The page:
What's causing the unprecedented wildfires spreading across Canada is a mix of things.
Lightning strikes likely ignited some of them, but it's unseasonable weather that's helped the spread.
Climate change may increase both lightning strikes and the risk of severe wildfires in the future.
Lightning strikes and unseasonably warm weather are to blame for the fires in Canada, experts said.
Over the last six weeks wildfires have spread across Canada, burning nearly 10 million acres. These active wildfires are burning across central and eastern Canada, focused in Ontario and Quebec, and they have generated a cloud of smoke that has wafted down to the eastern US, polluting the air and disrupting airfare.
Forest fires in Canada are a general occurrence, particularly in the west. But it is "unusual" to see them burn on both coasts at the same time, Michael Norton, an official with Canada's Natural Resources Ministry, told Reuters.
"At this time of the year, fires usually occur only on one side of the country at a time, most often that being in the west," he said.
What started the fires?
That said, the fires in Quebec in the east were likely ignited "within a short window after a big lightning event," said Ellen Whitman, a forest fire research scientist who works for Natural Resources Canada in the Canadian Forest Service, to the Halifax Explainer.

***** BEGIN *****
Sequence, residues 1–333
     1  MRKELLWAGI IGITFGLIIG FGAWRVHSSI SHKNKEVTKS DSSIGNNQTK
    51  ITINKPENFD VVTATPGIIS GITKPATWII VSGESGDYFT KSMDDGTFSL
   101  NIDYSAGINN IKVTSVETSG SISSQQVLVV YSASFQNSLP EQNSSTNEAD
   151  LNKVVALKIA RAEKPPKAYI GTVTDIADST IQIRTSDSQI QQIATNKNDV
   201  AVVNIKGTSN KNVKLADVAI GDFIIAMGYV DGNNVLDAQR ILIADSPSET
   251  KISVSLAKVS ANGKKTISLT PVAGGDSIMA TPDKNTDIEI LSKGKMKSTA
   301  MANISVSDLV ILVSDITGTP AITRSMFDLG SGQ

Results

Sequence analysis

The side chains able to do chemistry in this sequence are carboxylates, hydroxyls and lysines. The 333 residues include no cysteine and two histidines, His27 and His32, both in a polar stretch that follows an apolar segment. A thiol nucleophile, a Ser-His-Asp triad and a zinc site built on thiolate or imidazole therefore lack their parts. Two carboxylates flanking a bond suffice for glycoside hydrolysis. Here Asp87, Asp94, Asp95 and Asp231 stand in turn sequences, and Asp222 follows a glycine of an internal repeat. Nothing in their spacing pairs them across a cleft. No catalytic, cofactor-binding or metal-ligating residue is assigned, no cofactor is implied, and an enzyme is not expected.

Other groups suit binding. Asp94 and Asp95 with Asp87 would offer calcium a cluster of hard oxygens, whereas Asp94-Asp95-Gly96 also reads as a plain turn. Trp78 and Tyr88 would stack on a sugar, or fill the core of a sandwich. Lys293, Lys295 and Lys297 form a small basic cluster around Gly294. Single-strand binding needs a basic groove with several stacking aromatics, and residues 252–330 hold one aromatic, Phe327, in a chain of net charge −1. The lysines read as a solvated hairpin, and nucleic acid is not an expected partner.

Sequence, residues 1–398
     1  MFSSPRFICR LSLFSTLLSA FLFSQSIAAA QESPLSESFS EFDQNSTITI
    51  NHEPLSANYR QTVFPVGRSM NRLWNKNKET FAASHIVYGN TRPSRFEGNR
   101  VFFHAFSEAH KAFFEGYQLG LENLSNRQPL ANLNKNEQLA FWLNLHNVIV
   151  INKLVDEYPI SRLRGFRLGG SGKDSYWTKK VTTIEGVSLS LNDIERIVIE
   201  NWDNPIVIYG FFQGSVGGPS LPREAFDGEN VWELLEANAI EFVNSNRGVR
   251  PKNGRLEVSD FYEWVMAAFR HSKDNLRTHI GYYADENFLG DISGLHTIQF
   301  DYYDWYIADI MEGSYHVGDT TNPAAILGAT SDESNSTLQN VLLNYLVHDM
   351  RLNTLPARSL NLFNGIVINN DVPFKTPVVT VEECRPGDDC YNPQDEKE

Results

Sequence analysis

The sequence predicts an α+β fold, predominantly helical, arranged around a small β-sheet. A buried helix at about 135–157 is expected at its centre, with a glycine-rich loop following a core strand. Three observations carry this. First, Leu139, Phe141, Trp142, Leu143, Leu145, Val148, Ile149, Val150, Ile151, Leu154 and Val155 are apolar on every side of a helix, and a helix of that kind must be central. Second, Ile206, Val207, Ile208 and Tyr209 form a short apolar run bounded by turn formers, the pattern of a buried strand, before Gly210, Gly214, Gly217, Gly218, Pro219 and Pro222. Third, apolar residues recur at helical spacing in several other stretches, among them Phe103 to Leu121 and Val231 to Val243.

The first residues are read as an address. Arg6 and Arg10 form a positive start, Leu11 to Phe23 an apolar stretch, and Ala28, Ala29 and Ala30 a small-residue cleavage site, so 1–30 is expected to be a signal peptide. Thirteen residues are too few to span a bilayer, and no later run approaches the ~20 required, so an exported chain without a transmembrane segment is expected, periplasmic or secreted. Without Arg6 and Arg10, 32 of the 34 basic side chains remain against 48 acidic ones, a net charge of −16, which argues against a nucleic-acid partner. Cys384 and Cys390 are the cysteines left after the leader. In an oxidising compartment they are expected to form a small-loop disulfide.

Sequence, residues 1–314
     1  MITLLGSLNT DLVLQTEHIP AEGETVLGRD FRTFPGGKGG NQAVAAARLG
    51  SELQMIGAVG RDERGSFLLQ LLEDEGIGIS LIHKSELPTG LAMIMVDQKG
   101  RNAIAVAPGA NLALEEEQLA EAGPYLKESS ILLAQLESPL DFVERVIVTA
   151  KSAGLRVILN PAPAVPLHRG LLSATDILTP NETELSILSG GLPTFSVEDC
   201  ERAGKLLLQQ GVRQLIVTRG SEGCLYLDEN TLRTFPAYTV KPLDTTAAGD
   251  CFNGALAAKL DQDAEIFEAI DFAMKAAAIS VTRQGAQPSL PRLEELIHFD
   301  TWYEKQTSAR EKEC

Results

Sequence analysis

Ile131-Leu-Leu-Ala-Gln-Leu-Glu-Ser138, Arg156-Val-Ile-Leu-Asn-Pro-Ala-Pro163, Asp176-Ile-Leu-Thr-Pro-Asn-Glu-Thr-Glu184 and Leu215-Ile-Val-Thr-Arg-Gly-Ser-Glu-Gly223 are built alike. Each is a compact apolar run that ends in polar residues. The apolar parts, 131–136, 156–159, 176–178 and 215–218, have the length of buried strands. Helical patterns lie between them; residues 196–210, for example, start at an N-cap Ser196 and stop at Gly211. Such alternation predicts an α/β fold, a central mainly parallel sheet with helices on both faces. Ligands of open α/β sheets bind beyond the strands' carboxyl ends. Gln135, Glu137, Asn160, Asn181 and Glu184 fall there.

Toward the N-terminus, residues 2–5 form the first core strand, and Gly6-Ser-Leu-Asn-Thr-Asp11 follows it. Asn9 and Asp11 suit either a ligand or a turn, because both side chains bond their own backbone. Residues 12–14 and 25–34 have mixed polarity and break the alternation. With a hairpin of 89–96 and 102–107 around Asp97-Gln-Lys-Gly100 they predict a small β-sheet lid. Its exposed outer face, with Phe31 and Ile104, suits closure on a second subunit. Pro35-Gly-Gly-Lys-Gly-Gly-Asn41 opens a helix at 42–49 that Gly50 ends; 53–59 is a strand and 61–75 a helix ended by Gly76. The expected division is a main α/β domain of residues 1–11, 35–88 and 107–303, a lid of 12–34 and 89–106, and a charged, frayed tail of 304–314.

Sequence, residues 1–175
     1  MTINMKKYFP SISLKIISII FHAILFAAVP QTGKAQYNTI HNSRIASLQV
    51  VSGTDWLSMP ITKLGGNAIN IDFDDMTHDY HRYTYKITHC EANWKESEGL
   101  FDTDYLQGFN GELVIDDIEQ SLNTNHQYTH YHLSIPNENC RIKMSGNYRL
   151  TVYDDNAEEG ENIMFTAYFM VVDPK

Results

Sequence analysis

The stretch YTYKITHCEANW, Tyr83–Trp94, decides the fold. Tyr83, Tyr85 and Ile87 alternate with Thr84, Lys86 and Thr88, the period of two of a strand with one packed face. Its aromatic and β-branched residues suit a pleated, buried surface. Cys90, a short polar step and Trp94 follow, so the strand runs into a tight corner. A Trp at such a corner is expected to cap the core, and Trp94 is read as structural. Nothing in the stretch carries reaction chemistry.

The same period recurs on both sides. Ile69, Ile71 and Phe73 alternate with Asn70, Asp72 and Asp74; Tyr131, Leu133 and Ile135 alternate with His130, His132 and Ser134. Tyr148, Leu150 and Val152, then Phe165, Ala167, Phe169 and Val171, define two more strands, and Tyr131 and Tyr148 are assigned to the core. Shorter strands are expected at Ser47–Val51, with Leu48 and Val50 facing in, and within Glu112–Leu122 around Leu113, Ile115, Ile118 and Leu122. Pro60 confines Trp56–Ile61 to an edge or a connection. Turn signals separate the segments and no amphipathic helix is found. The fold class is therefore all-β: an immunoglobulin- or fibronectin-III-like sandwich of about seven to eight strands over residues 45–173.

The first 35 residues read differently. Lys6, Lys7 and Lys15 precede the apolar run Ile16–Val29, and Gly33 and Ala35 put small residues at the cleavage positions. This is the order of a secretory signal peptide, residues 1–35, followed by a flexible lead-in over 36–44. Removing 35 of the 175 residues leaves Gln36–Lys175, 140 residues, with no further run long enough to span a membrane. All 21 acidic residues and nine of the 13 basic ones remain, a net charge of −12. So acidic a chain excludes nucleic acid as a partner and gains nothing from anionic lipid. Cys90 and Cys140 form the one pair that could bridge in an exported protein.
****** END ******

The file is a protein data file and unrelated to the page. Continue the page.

"Generally in Canada, lighting-caused fires are about half of our ignitions, but they make up the majority of area burned because they are ignited in places where there are no people nearby to notice them, so they get detected less quickly," Whitman said.
Dry weather pushed the fires forward
Kent Moore, professor of physics at the University of Toronto told Yahoo News! Canada spring fires in Nova Scotia are usually easier to extinguish, as the soil is still wet.
This year, however, spring has come early, and the soil has remained drier than usual, allowing the fire to keep smoldering deep underground, Moore said.
"Those are much more difficult to put out because you have to dig up the dirt to get to the fire," Moore said. "That's typically what you'd find in the summer fire season when things tend to be drier."
Climate change is likely making the fire fiercer
For Moore, climate change can't take all the blame for the fires on the east coast. It may come down to season variability.
"There's just natural variability," he said. "Some springs are dry and some springs are wet."
That's not to say climate change doesn't have a part to play, however.
"The fires season is also lasting longer now because of climate change. Spring is coming weeks earlier and fall is coming weeks later. More time for the fires and grasslands to burn," Edward Struzik, a fellow at Queen's Institute for Energy and Environmental Policy at Queen's University in Canada told CBS News.
The igniter itself — lightning — is more common due to climate change, Struzik said.
"Most fires in the boreal forest of northern Canada are started by lightning. A one-degree Celsius increase in temperature amounts to about 12% more lightning. So the warmer it gets as the climate heats up, the more triggers there are for fires to burn," said Edward Struzik, per CBS News.
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